South of the Border Startups: Understanding the Legalities of Starting a Business in Latin America

Many people move to Latin America after they’re retired, but those who aren’t ready to bid farewell to the workforce may consider moving down south to start a business. Though opening a successful business is difficult no matter what country you’re in, there are some unique challenges to starting your own company in this particular part of the world. Here are some basics for those who want to build their startup in paradise.

Don’t Be Afraid to Work With Agencies

In many Latin American countries, agencies facilitate many of the processes of starting a business. You’ll work with real estate agents and lawyers just to get a property, and it may be worthwhile to get involved with other local agencies that can help you make connections with your target end consumers.

Build Relationships

As with any business anywhere in the world, building relationships is one of the key components to finding success. In the United States, we’ve grown accustomed to doing a lot more networking over digital channels as opposed to taking clients out for dinner or having in-person meetings. Yes, Latin America is rapidly catching up with the US and Europe when it comes to using social media channels and beyond, but don’t underestimate the power of getting to know potential partners and consumers in person.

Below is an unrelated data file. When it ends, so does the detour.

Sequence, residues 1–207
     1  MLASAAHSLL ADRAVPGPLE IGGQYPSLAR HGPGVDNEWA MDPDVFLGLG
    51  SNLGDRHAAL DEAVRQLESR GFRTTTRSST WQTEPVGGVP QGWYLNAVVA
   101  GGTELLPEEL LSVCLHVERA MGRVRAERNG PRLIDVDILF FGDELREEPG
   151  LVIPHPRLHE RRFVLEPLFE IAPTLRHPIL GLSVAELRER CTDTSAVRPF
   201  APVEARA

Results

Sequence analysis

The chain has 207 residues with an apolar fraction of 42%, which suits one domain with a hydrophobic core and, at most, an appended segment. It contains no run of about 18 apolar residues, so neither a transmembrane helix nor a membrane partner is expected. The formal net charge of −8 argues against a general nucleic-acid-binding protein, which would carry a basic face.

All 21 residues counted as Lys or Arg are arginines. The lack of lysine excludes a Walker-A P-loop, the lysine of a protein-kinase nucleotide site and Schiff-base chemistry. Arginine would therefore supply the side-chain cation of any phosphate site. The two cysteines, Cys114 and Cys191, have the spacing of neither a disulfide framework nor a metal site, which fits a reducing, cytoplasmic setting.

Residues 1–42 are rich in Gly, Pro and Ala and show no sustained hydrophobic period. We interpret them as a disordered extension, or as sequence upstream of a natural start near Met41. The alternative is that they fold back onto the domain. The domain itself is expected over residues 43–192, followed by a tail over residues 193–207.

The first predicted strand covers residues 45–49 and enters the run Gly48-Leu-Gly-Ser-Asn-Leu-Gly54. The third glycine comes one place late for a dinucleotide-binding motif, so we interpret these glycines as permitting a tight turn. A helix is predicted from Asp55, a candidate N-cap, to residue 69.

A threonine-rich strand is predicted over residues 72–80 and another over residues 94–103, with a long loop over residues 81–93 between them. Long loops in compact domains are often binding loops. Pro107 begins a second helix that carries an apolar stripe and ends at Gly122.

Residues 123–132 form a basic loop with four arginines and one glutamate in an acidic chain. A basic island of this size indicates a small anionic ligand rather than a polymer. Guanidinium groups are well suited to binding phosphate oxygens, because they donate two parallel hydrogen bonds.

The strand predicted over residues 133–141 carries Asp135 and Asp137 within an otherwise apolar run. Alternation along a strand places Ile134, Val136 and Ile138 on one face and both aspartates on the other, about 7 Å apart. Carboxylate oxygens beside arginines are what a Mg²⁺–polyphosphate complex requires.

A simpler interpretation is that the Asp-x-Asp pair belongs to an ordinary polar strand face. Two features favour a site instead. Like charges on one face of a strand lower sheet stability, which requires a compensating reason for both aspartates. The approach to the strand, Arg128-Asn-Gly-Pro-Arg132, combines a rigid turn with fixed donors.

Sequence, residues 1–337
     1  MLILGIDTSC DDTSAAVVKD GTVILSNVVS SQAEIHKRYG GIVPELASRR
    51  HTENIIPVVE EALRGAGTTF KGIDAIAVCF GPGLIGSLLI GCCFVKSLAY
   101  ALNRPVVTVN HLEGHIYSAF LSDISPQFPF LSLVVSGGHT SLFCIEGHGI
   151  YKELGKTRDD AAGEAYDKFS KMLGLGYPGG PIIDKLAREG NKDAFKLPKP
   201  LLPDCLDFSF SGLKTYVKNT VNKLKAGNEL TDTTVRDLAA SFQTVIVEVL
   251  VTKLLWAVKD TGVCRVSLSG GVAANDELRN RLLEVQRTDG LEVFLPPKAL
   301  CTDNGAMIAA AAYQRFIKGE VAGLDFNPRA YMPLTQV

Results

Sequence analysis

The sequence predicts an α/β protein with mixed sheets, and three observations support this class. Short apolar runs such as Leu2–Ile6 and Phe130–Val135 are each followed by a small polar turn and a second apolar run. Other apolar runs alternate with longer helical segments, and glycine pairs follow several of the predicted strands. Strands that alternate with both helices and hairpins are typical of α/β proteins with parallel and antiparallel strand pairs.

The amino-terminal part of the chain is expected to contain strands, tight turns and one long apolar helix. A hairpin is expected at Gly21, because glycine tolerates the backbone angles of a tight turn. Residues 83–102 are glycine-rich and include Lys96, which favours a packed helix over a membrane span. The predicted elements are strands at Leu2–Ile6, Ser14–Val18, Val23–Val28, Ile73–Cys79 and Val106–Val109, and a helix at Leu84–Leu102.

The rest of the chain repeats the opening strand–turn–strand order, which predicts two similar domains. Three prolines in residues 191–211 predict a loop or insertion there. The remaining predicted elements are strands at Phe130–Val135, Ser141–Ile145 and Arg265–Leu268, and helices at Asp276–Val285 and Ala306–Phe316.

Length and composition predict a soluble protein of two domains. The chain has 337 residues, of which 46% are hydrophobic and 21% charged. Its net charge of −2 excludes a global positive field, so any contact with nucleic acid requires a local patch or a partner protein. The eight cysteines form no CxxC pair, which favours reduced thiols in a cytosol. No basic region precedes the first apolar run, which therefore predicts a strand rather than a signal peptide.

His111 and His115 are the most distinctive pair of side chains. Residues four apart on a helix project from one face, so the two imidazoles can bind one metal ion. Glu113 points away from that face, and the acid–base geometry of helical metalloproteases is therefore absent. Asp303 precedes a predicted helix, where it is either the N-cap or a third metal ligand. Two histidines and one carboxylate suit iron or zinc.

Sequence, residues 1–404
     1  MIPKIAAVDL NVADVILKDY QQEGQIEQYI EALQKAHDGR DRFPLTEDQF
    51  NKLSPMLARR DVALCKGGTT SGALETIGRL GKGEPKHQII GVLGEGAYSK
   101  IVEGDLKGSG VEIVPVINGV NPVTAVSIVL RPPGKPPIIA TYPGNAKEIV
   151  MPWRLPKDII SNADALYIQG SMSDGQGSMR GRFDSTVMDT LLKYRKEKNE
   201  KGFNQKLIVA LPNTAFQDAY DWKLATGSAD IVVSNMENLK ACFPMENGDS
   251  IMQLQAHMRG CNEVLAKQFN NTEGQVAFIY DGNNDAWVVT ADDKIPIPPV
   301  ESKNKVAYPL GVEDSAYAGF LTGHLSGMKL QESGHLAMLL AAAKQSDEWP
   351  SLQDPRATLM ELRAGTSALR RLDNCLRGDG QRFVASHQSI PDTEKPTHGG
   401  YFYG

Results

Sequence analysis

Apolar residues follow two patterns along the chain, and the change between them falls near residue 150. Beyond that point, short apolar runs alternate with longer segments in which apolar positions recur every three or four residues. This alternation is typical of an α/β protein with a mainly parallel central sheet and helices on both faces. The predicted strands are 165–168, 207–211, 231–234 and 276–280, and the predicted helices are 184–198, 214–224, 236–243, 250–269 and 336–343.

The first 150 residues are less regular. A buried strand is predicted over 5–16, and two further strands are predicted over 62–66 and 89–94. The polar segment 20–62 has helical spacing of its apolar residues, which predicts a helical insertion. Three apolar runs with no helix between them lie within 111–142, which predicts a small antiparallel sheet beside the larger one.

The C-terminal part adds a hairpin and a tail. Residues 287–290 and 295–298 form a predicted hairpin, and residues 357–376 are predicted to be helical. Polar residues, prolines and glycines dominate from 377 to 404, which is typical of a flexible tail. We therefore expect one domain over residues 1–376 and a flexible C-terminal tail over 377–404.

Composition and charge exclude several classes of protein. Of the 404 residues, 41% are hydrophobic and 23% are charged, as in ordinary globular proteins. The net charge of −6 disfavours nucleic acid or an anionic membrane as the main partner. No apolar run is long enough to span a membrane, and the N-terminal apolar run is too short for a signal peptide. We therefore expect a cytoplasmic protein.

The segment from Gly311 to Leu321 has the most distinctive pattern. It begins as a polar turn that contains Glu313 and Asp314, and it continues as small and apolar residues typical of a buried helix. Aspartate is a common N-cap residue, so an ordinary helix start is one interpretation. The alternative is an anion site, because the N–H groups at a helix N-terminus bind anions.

Understand Your Market

Avoid thinking about Latin America as one, single place, and really dive deeper into the culture of the country where you’re planning to open your business. This goes for setting prices points that are in line with what people in the area expect to spend if you’re catering to locals. Consider hiring people who understand the current business climate, as well as people who work in the country of your choice and can cater to on-site needs.

On the flip side if you’re thinking of opening a hotel or other type of business with a target audience of tourists there’s another set of rules to take into account. Entrepreneurs looking for hotels for sale in Costa Rica, for example, will need to look at the location and get a sense of the demographics of the people heading into town.

Know There’s a Difference in Legalities

In Costa Rica, for example, there are a number of laws that dictate how your company must be named. The name of your Sociedad Anόnima (or S.A. the Spanish language equivalent of a Co.) must be unique and approved by the Registro de Marcas de Comercio.

Additionally, there must be at least two owners in order to establish a company in Costa Rica, and you must account for small details like how many times you’ve been married, if you’re divorced and why you only have one last name (in Spanish-speaking cultures, most people take both parents’ last names). You’ll also need to set up an official home address, which may pose some problems if you have yet to make the move down south.

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